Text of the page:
United States #794 (1937)

United States Naval Academy

United States #794 (1937)
United States #794 (1937)

The United States Naval Academy is a federal service academy in Annapolis, Maryland, established on October 10, 1845, under Secretary of the Navy George Bancroft. Often simply called Annapolis, it is the second oldest of the United States’ five service academies, and educates officers for commissioning primarily into the United States Navy and United States Marine Corps. The 338-acre campus is located on the former grounds of Fort Severn at the confluence of the Severn River and Chesapeake Bay in Anne Arundel County, 33 miles (53 kilometers) east of Washington, D.C., and 26 miles (42 km) southeast of Baltimore. The entire campus is a National Historic Landmark and home to many historic sites, buildings, and monuments. It replaced Philadelphia Naval Asylum, in Philadelphia, that served as the first United States Naval Academy from 1838 to 1845 when the Naval Academy formed in Annapolis.

The school opened with 50 midshipman students and seven professors. The decision to establish an academy on land may have been in part a result of the Somers Affair, an alleged mutiny involving the Secretary of War’s son that resulted in his execution at sea. Commodore Matthew Perry had a considerable interest in naval education, supporting an apprentice system to train new seamen, and helped establish the curriculum for the United States Naval Academy. He was also a vocal proponent of modernization of the navy. Originally a course of study for five years was prescribed. Only the first and last were spent at the school with the other three being passed at sea.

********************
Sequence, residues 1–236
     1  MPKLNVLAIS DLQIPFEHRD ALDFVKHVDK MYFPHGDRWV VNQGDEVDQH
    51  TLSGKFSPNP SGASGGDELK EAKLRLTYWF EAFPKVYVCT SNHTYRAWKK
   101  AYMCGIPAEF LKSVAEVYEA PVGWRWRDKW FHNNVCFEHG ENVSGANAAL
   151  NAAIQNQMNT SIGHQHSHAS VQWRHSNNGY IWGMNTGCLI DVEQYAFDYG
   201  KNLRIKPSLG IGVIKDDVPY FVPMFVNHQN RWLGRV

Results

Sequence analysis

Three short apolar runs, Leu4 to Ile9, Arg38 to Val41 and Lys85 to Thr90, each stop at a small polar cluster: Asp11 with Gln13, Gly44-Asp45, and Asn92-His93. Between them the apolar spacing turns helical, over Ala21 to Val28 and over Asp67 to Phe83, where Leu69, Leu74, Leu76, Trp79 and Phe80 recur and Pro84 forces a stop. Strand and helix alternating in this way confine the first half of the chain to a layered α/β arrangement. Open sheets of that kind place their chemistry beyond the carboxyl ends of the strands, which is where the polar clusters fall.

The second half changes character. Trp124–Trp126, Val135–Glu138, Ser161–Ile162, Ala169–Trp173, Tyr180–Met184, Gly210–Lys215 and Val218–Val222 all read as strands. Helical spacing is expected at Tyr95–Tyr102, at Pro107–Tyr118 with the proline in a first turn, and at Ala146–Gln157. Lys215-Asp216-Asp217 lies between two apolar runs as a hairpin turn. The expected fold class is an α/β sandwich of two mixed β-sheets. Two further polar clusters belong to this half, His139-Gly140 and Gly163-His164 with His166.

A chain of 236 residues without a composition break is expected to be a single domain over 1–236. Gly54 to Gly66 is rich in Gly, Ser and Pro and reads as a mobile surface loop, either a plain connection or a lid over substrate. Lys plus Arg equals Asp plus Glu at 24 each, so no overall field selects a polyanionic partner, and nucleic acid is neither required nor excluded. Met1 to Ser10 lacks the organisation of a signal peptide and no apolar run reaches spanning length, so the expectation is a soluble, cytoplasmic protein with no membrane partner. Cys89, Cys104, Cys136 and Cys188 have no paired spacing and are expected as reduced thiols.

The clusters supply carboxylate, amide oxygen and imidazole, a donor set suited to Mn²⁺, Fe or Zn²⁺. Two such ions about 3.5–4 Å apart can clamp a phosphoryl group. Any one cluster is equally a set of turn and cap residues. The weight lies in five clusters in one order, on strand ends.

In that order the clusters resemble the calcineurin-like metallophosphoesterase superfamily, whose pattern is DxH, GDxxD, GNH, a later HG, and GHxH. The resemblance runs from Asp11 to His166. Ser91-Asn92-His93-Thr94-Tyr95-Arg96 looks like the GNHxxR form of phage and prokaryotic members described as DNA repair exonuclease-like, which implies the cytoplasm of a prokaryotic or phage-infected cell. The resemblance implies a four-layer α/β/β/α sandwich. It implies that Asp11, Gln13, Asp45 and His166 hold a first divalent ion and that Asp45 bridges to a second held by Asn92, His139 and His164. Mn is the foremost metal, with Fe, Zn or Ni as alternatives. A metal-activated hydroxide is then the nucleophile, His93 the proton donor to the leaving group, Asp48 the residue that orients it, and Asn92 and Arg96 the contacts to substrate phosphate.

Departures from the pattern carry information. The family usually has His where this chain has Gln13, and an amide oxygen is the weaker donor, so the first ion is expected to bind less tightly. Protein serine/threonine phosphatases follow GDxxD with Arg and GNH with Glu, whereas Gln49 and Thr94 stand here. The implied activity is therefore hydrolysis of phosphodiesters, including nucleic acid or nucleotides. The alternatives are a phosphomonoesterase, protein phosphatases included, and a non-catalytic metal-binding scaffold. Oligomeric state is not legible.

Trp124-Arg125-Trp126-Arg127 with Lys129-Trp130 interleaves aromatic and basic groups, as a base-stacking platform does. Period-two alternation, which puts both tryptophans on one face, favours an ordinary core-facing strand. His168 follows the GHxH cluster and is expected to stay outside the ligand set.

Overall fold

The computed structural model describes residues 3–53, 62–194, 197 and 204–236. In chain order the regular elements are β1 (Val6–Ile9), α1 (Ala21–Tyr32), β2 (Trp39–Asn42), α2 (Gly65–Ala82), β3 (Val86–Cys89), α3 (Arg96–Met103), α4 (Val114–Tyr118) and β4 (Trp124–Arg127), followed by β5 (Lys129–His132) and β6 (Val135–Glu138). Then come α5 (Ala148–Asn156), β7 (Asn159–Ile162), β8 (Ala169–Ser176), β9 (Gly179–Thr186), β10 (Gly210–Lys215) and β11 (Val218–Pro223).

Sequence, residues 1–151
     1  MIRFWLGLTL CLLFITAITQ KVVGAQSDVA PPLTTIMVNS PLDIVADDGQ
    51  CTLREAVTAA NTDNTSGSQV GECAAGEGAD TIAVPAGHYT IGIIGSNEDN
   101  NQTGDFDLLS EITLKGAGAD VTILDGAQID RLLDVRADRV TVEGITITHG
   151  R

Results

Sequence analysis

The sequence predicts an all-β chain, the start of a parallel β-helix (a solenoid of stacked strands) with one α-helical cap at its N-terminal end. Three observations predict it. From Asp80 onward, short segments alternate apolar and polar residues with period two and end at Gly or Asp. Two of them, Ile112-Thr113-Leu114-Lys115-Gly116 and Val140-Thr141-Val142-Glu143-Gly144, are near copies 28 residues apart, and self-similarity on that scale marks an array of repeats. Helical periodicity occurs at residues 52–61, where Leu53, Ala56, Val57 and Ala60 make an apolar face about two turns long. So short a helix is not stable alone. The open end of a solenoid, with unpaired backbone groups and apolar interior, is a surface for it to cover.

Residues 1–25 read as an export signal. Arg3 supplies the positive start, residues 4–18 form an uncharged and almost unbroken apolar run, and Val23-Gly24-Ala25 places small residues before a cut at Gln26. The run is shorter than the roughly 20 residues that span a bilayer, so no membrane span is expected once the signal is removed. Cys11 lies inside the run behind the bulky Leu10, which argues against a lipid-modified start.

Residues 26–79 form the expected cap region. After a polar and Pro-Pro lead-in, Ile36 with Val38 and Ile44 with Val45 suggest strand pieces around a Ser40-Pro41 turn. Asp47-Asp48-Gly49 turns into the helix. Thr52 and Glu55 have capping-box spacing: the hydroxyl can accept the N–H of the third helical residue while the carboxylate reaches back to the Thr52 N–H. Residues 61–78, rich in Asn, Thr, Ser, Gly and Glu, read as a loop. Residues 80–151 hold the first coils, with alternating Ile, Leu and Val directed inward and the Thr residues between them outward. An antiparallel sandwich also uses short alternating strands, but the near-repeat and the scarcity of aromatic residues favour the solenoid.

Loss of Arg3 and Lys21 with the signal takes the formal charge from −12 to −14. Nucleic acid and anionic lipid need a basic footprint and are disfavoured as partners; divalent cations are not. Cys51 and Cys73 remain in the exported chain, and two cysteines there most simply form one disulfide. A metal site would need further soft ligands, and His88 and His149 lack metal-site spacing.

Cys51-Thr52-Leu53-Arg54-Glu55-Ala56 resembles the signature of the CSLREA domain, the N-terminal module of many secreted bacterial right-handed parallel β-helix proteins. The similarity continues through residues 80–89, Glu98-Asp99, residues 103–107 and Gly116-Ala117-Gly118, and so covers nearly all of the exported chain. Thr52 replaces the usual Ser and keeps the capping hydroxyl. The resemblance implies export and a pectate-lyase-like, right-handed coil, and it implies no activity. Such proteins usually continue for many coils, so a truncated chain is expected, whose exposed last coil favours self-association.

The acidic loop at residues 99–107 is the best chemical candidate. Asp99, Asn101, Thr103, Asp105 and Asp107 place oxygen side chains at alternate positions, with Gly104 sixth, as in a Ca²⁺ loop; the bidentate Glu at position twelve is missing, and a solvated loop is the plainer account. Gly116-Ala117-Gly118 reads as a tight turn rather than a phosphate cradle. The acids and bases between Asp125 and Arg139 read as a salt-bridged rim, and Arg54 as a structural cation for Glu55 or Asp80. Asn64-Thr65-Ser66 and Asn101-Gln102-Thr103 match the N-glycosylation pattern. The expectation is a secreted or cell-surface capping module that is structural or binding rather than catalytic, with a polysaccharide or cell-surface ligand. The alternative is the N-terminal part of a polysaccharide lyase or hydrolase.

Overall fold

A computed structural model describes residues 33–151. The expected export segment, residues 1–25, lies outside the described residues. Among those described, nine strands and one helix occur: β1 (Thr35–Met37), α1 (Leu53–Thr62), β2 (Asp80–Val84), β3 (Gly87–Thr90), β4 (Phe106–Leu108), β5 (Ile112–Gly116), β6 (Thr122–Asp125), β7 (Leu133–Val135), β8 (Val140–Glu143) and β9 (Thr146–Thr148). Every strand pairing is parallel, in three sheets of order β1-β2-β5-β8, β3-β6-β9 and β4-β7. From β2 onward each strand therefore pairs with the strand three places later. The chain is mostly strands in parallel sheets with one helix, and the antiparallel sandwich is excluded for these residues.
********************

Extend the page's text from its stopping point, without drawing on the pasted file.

The present name was adopted when the school was reorganized in 1850 and placed under the supervision of the chief of the Bureau of Ordnance and Hydrography. Under the immediate charge of the superintendent, the course of study was extended to seven years with the first two and the last two to be spent at the school and the intervening three years at sea. The four years of study were made consecutive in 1851 and practice cruises were substituted for the three consecutive years at sea. The first class of naval academy students graduated on June 10, 1854.